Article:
As the October 1st deadline approaches for retailers to switch over to using the new EMV credit cards containing a computer chip that creates and encrypts a new number every time the card is used,  a recent poll taken by ACI Wordwide indicates that 59% of American consumers have not yet received a new chip enabled credit card from their credit card companies and only 32% of those people receiving the cards were even aware that the United States was changing to the EMV cards and a large majority of the people receiving the cards did not know that the reason for the switch over is due to the massive data breaches suffered by companies such as Target, resulting in tremendous amounts of credit card fraud through the use by identity thieves of the numbers of the stolen credit cards with the old style magnetic strip.  Unlike credit cards in other parts of the world, American credit cards still mostly use magnetic strip technology that has been around since the 1960s in which information is contained on a magnetic strip on the back of the card.  When the information on this strip is stolen, the identity thief has access to the credit of the victim.  However in more than 80 other countries around the world, the magnetic strip card technology has been replaced with cards embedded with a microchip.  This technology is often referred to as EMV which stands for Europay, MasterCard and Visa, the originators of the card.  With EMV cards, the chip creates and encrypts a new number every time the card is used.  Thus hacking into the data terminals used by the cardholder is a worthless exercise in trying to access the credit card.  Credit card companies and retailers have resisted for cost reasons updating the credit card system in the United States although changes in regulations in regard to liability for fraudulent credit card use will prompt credit card companies and retailers to switch to this technology by October 1, 2015.   Under these new rules, after October 1st if a retailer does not switch its card processing machines over to EMV card processing of sales, in the event of a data breach, the retailer will be held financially responsible for any losses incurred.  Previously, in the event of data breaches, it has generally been the credit card issuing banks that have been held responsible for such credit card fraud.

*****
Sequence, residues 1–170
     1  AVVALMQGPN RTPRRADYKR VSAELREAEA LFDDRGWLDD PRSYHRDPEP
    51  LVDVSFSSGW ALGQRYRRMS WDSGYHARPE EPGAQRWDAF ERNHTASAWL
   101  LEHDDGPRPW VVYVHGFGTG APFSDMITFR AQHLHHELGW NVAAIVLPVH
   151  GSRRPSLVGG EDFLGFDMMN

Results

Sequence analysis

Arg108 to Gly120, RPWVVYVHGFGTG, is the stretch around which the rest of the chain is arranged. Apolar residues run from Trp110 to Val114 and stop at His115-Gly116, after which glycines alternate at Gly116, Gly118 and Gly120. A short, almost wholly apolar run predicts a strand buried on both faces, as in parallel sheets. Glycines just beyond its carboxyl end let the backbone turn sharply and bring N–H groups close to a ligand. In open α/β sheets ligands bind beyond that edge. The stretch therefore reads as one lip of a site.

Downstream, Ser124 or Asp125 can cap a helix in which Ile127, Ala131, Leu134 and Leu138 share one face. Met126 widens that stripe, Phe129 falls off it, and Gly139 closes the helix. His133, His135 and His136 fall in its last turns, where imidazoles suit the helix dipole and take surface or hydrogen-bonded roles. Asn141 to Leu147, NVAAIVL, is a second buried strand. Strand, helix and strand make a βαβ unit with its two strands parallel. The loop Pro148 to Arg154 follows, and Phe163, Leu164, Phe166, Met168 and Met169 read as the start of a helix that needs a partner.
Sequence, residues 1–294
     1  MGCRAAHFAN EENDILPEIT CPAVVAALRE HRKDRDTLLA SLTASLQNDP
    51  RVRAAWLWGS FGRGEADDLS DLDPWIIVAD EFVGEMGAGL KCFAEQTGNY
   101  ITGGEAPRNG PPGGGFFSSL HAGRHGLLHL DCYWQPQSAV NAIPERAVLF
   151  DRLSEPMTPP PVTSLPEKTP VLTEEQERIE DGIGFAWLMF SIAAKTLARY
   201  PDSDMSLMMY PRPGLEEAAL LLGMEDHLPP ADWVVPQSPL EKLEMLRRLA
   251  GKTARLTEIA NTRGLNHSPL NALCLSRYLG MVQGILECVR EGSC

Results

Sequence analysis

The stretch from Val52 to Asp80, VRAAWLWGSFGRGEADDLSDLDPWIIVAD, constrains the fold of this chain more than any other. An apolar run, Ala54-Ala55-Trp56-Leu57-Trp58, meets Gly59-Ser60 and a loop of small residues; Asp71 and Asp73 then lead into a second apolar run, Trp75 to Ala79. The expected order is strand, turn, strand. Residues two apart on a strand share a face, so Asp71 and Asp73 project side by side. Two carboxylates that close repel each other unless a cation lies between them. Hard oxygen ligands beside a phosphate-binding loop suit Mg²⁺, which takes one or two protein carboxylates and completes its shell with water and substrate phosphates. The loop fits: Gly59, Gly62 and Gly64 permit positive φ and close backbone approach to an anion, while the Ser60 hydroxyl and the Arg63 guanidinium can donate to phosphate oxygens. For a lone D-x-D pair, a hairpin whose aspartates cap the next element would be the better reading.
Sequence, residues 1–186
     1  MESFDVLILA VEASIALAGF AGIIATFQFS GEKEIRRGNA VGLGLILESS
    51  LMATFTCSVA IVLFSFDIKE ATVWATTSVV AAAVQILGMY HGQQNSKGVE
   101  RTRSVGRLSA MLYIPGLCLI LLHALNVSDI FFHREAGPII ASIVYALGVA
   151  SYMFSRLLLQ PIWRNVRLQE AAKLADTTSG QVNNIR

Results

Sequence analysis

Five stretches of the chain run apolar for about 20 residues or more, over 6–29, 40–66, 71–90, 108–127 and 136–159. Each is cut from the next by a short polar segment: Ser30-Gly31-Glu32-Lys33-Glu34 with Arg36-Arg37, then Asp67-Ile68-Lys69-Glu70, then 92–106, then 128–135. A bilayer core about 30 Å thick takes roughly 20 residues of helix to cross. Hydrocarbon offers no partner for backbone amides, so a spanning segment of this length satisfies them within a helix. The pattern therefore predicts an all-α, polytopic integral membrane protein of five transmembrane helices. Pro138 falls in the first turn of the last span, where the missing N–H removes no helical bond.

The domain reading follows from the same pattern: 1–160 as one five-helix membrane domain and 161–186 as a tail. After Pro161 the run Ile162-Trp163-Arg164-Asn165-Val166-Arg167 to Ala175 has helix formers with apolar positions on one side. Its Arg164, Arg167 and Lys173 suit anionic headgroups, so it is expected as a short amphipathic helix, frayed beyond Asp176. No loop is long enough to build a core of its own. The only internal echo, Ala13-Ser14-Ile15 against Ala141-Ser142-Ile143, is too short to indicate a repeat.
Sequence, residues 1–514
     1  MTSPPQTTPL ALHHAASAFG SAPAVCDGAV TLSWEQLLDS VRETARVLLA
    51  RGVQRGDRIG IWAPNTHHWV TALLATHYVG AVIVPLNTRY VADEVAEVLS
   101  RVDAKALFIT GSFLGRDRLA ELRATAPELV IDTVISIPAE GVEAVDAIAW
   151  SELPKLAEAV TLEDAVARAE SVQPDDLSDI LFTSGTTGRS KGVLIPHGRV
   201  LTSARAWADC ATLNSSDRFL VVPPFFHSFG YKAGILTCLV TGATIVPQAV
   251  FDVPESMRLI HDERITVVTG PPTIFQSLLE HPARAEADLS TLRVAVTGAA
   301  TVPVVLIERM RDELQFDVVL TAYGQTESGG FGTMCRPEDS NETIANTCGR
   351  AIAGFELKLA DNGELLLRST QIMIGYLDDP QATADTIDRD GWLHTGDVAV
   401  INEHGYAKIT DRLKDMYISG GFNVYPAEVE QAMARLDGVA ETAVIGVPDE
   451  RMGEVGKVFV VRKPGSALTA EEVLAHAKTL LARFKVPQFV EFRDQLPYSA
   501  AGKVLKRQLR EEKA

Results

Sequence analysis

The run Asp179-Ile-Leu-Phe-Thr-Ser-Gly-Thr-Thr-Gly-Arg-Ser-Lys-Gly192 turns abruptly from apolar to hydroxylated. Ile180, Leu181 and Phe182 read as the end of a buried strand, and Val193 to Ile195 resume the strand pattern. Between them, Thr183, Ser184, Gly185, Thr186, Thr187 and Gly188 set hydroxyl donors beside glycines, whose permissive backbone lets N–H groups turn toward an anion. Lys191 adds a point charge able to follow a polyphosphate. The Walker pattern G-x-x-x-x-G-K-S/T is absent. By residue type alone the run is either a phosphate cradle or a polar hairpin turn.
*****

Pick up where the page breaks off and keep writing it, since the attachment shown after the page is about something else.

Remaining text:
The October 1st deadline, however, is unlikely to be met by many credit card issuers and retailers.  More than a billion credit and debit cards will have to be switched to the new EMV cards and only 120 million people have already received a new EMV card.  That number is expected to reach 600 million by the end of 2015.  Meanwhile, many retailers have not yet converted their card processing devices to accept the new EMV cards.  Since under the new regulation regarding liability in the event of credit card fraud, the liability passes to the party that is the least EMV compliant, there is much incentive for the credit card companies to issue new EMV cards and for retailers to convert their credit card processing equipment as soon as possible.


Some American companies including Target and WalMart have been among the leaders in switching over to EMV processing.  Among the credit card issuing banks, Bank of America and Chase have been active in switching to the new EMV cards.  If you do not have one yet, you should contact your credit card issuer and request that a new EMV card be sent to you.  They are easy to use and can save you a lot of headaches.  EMV cards are not a panacea.  They will do nothing to stop credit card fraud in online purchases, but they will improve the security of credit card use in brick and mortar stores dramatically.